Why experts are questioning municipal data on infant deaths in Mumbai
Mumbai experts said such a large drop in infant deaths is more likely to take place over a decade than a yearmumbai Updated: Sep 25, 2017 17:07 IST
Last week, this newspaper reported on two important sets of data from the recently released Environment Status Report (ESR), an document released by Mumbai’s municipal corporation annually.
The report provides easy-to-understand data on the city’s population, land use, climate, health, roads and other vital information. A study of ESRs is one way to track the progress, or the regression, made by Mumbai in health, education, sanitation, communication and air quality. The 2016-17 report was released two weeks ago, but experts have pointed out what could be severe flaws in the data.
The report indicates that Mumbai’s Infant Mortality Rate (IMR) — which is the number of deaths per 1,000 live births of infants younger than one — has dropped substantially in a year. According to the ESR, Mumbai’s IMR has halved in two years — from 28.05 in 2014 and 23.16 in 2015 to 12.96 in 2016. The IMR ranges from 12 in Kerala to 54 in Madhya Pradesh and Assam. In 2013, Maharashtra’s IMR was 24, according to NITI Aayog. The World Health Organisation, in 2015, said the rate ranged between 10/1000 in Europe to 55/1000 in Africa.
The data on Mumbai’s IMR should have brought cheer to government and private agencies trying to reduce the number of infant deaths. The ESR data suggests that Mumbai has brought down its IMR to levels found in advanced nations.
Public health experts, however, see no silver lining. “A drop of that extent is more likely to take place over a decade than a year. To achieve this kind of progress, there have to be sustained efforts and programmes. In the absence of those, this kind of drop is suspicious,” said Abhijeet More, convener of Jan Aarogya Abhiyan, an association of public health organisations in the state.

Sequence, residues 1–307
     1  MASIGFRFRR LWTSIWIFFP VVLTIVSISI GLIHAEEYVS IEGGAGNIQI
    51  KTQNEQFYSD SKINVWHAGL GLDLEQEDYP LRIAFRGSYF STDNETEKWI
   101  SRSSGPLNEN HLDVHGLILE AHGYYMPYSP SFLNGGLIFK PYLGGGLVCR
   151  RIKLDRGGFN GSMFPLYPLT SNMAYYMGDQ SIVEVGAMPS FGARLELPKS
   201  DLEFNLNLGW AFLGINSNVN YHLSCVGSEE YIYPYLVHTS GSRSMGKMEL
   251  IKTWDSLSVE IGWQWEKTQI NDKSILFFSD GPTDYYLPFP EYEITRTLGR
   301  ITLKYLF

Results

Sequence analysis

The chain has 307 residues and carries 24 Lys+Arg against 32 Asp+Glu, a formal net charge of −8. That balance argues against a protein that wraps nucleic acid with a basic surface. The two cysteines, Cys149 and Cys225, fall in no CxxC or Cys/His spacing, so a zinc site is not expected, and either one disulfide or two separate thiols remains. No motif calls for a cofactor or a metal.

Municipal health officials said the IMR dropped sharply as the number of infant deaths have fallen by more than 50% between 2014 and 2016. The ESR says 4,883 infants died in 2014 and 4,575 in 2015, but only 1,982 infant deaths were reported in 2016.
Public health experts have questioned the data, saying the drop of 2,901 infant deaths between 2014 and 2016 could be the result of loopholes in data collection, rather than results of an effective health policy.
When HT spoke to senior officers, they said they would re-evaluate the data.
Advocate Godfrey Pimenta, who has pointed out mistakes in the recently modified Development Plan (DP) — the planning blueprint for the city — said data collection by the municipal corporation has been a problem. “Even after the DP was modified, there are mistakes galore,” said Pimenta.
Pimenta’s group, Watchdog Foundation, has pointed out that many religious shrines are missing in the DP.
Another set of data from the ESR saaid 73% of the city’s daily output of 9,400 metric tonnes of garbage is food waste. This data is questionable, according to Almitra Patel, member of the committee that drafted the Municipal Solid Waste Management rules, 2000. Patel suspects that the data on food waste could be the quantum of waste generated from residential households and not representative of the city. Even if you consider that waste management at the source is poor in Mumbai, organic (food) waste cannot be more than 10-12%, scientists told HT.
According to the ESR, construction debris form 17% of the city’s waste. This figure is probably low as the average for construction waste is 30% in a city comparable to Mumbai, said Patel.